The cosmos; an infinite mysterious anomaly capable of creating the most beautiful things human eyes have ever seen. The most prominent of which are stars. It is astonishing that our sun provides us a life often taken for granted-and we do not yet even understand it entirely. We can only describe its current and possible predicted behavior, expected life cycle, interactions, and appearance based on distant varieties of photography and by understanding more worldly occurrences. Aside from the sun providing us with our daily energy needed for survival, it is also capable of some of the most uniquely vivid images one will ever see. For example, while taking a walk, a person may gaze up the northern or southern night sky and be taken aback by a maelstrom of dancing color-the Northern or Southern Lights; also known as Aurora Borealis and Aurora Australis. Various people would see aurorae as an insignificant occurrence without giving it any thought. I, however, am perpetually trying to quench my thirst for understanding the unfathomable through applying my worldly knowledge of physics to the surrounding world and beyond.
The first steps to understanding the Northern and Southern Lights are to understand the sources of the ingredients for this colorful light show. First, we will briefly revert back to grade school science class: envision a long, straight bar magnet. It has a South and North Pole. Like poles repel while opposite poles attract. For the purpose of keeping the explanation short-we will imagine a magnet as being made of smaller particles that can also be thought of as tiny magnets, all pointing in the same direction. Magnetism is the result of a flowing electric current causing an electric field that causes the particles to arrange themselves uniformly to collectively form a larger, ideally uniform magnet with a magnetic field that flows perpendicularly outward from the tip of the North pole in a curved path to the South pole, where it enters the tip of the south pole perpendicularly. The field lines are the most concentrated at the poles and gets progressively less concentrated as the distance from the pole increases. Now that we have an elementary understanding of a magnet and its corresponding field, we can think of the earth in terms of a massive magnet. Most junior high science classes will demonstrate the basic workings of a simple electromagnet. Simply taking a wire, coiling it around a piece of metal and connecting it to a battery will provide you with a weak, basic electromagnet. As you know, the earth is a hardened sphere with a molten core containing swirling molten materials. The immense heat of this causes the electrons in the materials to swirl freely about along with the swirling molten material-the first building block of an electromagnet. Since there is much more metal encompassed by these swirling charges, it acts as a giant electromagnet. This "electromagnet" has field lines originating from near the North and South poles Earth. Although, the South magnetic pole is located near the North geographic pole and the North magnetic pole is located near the South geographic pole.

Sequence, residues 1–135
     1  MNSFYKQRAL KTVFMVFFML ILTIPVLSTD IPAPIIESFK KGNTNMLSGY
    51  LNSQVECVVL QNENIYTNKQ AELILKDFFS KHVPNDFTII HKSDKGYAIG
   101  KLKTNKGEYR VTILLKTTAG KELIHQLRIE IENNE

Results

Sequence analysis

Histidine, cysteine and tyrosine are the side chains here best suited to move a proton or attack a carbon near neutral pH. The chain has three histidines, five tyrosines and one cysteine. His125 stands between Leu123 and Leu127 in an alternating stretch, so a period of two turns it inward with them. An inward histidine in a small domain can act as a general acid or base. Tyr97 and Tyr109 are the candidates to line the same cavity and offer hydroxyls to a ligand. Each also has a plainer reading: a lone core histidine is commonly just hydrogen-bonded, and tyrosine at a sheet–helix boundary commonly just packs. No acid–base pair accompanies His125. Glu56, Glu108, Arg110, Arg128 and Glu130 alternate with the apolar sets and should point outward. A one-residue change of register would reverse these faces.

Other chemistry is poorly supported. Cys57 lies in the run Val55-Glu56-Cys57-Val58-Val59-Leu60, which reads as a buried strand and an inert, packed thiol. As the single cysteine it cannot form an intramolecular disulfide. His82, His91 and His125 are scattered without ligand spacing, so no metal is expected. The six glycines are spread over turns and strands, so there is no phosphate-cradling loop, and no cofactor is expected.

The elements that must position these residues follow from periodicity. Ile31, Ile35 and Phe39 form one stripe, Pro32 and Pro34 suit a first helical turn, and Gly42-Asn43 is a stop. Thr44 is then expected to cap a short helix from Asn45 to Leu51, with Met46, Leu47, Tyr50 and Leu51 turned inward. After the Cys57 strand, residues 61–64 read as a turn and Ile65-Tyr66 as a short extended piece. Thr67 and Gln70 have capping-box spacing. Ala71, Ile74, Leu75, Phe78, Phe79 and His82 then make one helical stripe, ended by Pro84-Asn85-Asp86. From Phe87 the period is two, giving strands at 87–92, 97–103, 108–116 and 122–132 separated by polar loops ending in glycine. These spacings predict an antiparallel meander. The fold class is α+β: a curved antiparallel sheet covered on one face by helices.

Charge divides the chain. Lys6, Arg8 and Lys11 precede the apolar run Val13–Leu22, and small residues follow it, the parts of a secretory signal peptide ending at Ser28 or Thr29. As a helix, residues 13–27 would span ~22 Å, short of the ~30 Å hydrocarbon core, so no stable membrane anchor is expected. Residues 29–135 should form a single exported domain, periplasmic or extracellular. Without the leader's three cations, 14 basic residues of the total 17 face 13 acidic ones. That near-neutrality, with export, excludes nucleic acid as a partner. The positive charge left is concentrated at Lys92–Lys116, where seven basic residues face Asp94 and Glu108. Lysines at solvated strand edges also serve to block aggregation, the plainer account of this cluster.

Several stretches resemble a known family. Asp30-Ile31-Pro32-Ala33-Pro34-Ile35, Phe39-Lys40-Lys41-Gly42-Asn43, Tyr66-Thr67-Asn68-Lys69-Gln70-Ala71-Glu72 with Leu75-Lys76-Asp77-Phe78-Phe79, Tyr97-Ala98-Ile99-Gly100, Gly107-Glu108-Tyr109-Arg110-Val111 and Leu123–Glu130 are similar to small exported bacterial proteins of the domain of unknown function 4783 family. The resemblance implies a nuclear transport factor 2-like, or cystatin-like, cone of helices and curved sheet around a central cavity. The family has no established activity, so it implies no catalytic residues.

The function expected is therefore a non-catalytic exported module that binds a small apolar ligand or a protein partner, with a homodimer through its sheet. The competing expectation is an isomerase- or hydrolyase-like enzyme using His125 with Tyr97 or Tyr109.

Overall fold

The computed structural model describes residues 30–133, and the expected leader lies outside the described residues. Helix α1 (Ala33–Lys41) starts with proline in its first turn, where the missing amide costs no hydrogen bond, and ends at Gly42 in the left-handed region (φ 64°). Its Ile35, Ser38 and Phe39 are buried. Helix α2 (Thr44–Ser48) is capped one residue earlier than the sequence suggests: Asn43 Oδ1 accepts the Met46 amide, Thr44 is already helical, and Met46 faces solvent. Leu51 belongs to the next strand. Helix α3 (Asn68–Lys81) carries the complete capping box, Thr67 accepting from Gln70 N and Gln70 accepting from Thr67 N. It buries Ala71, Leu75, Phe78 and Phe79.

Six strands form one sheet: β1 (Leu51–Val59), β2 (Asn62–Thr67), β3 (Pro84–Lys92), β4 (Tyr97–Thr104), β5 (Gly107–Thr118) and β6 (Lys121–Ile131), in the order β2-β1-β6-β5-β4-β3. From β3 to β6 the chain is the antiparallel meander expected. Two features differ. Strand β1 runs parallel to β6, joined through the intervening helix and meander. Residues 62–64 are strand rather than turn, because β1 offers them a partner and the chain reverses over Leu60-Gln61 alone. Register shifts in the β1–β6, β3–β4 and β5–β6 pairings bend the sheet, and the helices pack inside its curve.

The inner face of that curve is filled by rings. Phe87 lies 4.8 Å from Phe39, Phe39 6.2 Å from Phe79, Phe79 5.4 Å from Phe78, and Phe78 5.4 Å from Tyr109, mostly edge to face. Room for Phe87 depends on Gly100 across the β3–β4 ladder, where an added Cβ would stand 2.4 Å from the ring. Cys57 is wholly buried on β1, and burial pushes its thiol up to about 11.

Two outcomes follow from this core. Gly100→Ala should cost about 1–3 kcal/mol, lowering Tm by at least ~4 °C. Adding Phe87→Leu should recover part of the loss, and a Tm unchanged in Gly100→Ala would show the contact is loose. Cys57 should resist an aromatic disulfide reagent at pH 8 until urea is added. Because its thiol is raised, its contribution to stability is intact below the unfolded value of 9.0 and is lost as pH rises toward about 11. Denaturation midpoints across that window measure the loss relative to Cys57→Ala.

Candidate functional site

The next step to understanding this feat of nature understands the behavior of charged particles. Envision a tiny charged particle traveling at an arbitrary speed into a magnetic field. As long as the particle is traveling in a direction not parallel to the magnetic field lines, it will take on a circular or helical motion, depending on its initial direction. The immense temperature of the sun is fueled by a fusion reaction within. Fusion is the act of the nuclei of atoms "fusing" together in a reaction to create other, more massive elements. I, personally, speculate that the nature of the fusion reaction could possibly be the origin of solar winds-although the scientific community is unsure of their cause. These "winds" are the emissions of charged particles (both positive and negative) originating from our sun. As these particles pass near the magnetic poles of Earth, a majority begin to move in a helical or circular path while colliding and exciting and energizing nearby gases. The result of this phenomenon is very similar to a fluorescent light; the gases inside of the fluorescent bulbs are excited enough to begin to emit light. Different gases emit different light frequencies, resulting in different colors; thus, causing the divine light show in the Northern as well as southern skies. On occasion, providing a scientific analysis of any phenomenon can often sour a once nostalgic thing-however the mere fact that objects and forces interact in such a way to provide magnificent phenomena such as this can be an existential part of their beauty.